My dogs are faster than I am. They can jump higher. They’re more flexible, have better posture and are (much) less picky eaters. They spend less money on clothes, throw fantastic shapes when they sleep, are excellent listeners, and don’t whine except when there’s a fox in the garden. They’re almost relentlessly cheerful, except when I pack a suitcase or put on my riding boots. Having said that, they’re not at all good at writing books, but surely that’s the fault of people who design laptops without considering that dogs don’t have laps.
For all these qualities, I admire them greatly. But as I contemplate a return to yoga after three months off, I can’t help feeling especially resentful at how good my dogs are at downward facing dog.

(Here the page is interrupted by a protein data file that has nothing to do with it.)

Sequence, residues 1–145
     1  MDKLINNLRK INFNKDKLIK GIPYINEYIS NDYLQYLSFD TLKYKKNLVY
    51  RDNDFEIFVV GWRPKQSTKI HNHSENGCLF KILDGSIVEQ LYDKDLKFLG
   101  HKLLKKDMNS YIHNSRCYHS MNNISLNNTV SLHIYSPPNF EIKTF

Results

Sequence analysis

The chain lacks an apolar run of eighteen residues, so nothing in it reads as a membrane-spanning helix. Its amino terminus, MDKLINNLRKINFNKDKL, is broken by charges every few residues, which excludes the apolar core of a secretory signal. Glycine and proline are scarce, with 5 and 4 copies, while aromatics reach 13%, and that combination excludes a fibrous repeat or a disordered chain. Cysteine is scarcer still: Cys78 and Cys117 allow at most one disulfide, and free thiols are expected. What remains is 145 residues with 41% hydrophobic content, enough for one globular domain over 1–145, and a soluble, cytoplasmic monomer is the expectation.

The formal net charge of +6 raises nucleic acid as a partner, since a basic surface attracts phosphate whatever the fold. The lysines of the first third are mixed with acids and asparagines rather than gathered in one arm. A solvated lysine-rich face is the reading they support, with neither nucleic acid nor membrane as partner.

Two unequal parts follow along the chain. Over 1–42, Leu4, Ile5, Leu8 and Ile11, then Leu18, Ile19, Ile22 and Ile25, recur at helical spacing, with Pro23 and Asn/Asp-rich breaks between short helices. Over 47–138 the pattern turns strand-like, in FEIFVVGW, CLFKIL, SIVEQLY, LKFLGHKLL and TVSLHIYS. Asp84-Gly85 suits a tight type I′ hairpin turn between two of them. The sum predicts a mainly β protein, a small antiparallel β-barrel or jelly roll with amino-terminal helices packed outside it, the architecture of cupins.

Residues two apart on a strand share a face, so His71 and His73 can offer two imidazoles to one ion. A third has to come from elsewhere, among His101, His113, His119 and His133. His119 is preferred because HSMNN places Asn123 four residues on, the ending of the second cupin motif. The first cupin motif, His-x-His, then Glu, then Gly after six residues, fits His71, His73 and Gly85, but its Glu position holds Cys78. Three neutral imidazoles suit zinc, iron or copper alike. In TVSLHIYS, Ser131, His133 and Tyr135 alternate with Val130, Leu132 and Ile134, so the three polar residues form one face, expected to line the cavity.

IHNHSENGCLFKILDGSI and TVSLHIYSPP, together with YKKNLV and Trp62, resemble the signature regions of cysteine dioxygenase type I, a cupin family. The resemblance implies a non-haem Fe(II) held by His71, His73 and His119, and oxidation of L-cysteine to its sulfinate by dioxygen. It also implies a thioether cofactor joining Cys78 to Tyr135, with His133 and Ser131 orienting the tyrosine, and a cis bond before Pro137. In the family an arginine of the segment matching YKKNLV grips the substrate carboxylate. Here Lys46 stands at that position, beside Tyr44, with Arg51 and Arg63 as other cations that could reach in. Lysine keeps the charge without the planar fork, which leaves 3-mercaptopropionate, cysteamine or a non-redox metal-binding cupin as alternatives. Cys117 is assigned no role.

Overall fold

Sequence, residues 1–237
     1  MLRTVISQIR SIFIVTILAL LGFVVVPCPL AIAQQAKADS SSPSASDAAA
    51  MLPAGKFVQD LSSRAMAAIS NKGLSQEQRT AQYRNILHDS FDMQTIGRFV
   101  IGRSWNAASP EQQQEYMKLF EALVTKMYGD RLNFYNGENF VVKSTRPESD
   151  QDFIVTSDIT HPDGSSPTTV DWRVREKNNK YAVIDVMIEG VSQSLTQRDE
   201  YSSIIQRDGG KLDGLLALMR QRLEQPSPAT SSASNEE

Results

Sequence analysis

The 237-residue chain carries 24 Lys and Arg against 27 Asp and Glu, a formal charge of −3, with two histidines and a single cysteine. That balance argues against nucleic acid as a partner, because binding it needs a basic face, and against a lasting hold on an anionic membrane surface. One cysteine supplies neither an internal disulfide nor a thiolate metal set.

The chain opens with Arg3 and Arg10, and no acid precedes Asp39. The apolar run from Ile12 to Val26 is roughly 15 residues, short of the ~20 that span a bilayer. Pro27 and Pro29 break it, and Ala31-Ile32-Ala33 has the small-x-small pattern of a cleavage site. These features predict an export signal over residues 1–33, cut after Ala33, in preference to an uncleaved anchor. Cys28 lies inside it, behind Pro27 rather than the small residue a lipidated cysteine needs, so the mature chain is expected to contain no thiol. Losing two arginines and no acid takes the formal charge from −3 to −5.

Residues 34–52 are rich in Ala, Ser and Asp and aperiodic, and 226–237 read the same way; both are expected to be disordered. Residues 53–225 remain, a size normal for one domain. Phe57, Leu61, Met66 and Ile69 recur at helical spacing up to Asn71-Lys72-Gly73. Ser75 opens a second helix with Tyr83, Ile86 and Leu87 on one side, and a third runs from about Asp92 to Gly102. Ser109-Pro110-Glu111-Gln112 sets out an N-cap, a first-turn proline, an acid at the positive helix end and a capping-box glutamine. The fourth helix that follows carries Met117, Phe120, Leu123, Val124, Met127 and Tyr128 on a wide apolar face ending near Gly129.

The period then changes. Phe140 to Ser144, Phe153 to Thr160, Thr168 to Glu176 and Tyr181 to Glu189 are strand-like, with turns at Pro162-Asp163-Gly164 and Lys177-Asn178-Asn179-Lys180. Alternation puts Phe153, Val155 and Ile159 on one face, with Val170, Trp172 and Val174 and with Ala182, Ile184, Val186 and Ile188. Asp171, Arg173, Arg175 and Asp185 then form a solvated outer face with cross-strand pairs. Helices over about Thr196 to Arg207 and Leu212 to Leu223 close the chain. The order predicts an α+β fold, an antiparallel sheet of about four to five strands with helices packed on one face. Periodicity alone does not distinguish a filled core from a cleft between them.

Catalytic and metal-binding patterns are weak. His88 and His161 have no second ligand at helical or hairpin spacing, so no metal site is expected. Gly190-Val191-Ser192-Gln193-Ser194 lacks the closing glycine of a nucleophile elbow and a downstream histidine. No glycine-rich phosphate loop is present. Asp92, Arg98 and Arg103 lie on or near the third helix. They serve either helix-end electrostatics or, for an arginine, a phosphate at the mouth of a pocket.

Downward facing dog makes me want to give up yoga on a regular basis. You’re supposed to breathe deeply while holding the posture, creating a flow of energy through the body, but there’s something seriously wrong with my downward facing dog. I usually can’t breathe at all, and my arms never seem to achieve optimum lightness, or any lightness at all, unless you count severe pain followed by numbness. As unjudgmental as my yoga teacher is, I know that even he thinks I resemble a badly constructed coffee table.
No matter how much I practice, I don’t think I’ll ever be any good at that elusive and most basic of yoga positions. But every morning, when the dogs stagger out of bed, they both drop into an effortless, elegant stretch which reminds me where the name of the movement came from. It’s chastening. And makes me reconsider the whole concept of top dog.